- The National Trust for Scotland funded a film which helped explain the MPA’s benefits to the community and visitors to the area. This was shown at the Summer Isles Festival and very widely seen. It’s success over 2000 views has proved that there is a great appetite for knowledge of the sea.
- Sea Change managed to achieve a first baseline survey focused on the heavily dredged sites and proposed fish farm sites and may have undiscovered a new maerl beds.
- According to the scallop divers observation “there were good signs of recovery.” and much more widespread maerl in the MPA than has been documented.
- Sea Change blog and FB page is being developed and some short films are being made from the August survey footage.
- We sourcing funding for a baseline survey.
THE YEAR IN BRIEF:
2016 was a year of hope, hard work and some surprises…
Early winter 2016 was a nerve wracking part of the year. The RACCE Committee examined Richard Lochhead’s decision to ban dredgers from the Wester Ross MPA twice. This scrutiny gave us nail biting anxiety that the ban on dredgers might not stay in place. The Creel and Dive Fishermen were asked to give evidence but not the coastal community groups and we worried that the public interest might be forfeited due to intense lobbying by the Scottish Fishermen’s Federation which represents the dredgers and trawlers – whose activity was the main reason why the MPAs were necessary in the first place.
Rob Gibson MSP had formerly quoted our Sea Change Consultation document in the Marine Plan Debate in Parliament, and we did feel some degree of confidence that the facts, the demonstration of local support for the dredger ban as well as history itself, would prove to be on our side.
Eggs and orange smoke
Beatrice and myself were the only Sea change members free to travel down to Parliament to represent Sea Change – others hoped to come but work did not permit it. We united with COAST at the demonstration to ensure that whilst we were not invited to give evidence, the RACCE committee members would get to know communities were watching and concerned. The day will go down in Sea Change history. It was a turning point. For the first time the press witnessed the tactics of the mobile sector. It was visible. They scored a home goal when they hit Beatrice with a fresh egg. Throwing eggs at women old enough to be their grandmother made them look like bullies.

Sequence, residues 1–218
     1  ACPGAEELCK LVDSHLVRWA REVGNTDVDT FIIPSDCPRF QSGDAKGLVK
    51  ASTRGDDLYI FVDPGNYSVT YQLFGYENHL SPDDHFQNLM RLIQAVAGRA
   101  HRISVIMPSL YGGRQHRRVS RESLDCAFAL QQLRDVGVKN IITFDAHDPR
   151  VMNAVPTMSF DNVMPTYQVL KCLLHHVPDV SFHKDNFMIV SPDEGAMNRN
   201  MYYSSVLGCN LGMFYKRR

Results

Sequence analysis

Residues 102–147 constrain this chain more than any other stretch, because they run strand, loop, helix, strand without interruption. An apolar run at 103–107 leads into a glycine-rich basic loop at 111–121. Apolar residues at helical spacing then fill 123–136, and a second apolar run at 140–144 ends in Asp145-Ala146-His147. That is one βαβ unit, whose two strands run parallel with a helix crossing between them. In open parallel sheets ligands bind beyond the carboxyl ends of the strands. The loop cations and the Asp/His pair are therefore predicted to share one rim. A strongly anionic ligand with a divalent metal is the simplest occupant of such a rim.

There was a piece in The Times which did not mince it’s words. The press until then had largely reported in a biased, lazy and ill informed way. My respect for the proffession I had been a member of fell to an all time low. Few journalists were doing their homework. I was ashamed of the lazy sensationalist reporting and wrote to say so on a few occasions. However they were better informed this time. A fresh egg landed on Beatrice, and we did have to talk her out of giving a trawlerman a tirade …he may have got a hand bagging if not – a very unequal match.)
Whilst the mob outside Parliament was angry and threatening – one nevertheless can feel empathy for anyone who perceives they will be loosing a job. It should never happen like that – for it surely must be cheaper to compensate fishermen than to allow them to go on thrashing the sea bed and in parts like Wester Ross, known for its former biodiversity creating a desert of the sea bed in parts…. The Govt. should not make fishermen jobless overnight.
The relief was palpable when on the 23rd March Wester Ross MPA was created. What a day. Some of us savoured the moment with a lunch and some fizz – and then Sea Change met for a premier screening of “A Bountiful Sea, The Story of Wester Ross MPA” at the Ceilidh Place. This went on to be shown widely, at the Summer Isles Festival and on the National Trust for Scotland’s website. It currently has over 2300 hits – proving that there IS an appetite for marine conservation. The National Trust funded the film and it was a chance for some of the elders of the community who had seen the baseline shift to speak up. Some of Sea Change group members did too. As Sandy Boots says in the narration, quoting JFK “we all have saltwater in our veins.” (Sandy sadly died in January 2017, and his experience will be sorely missed)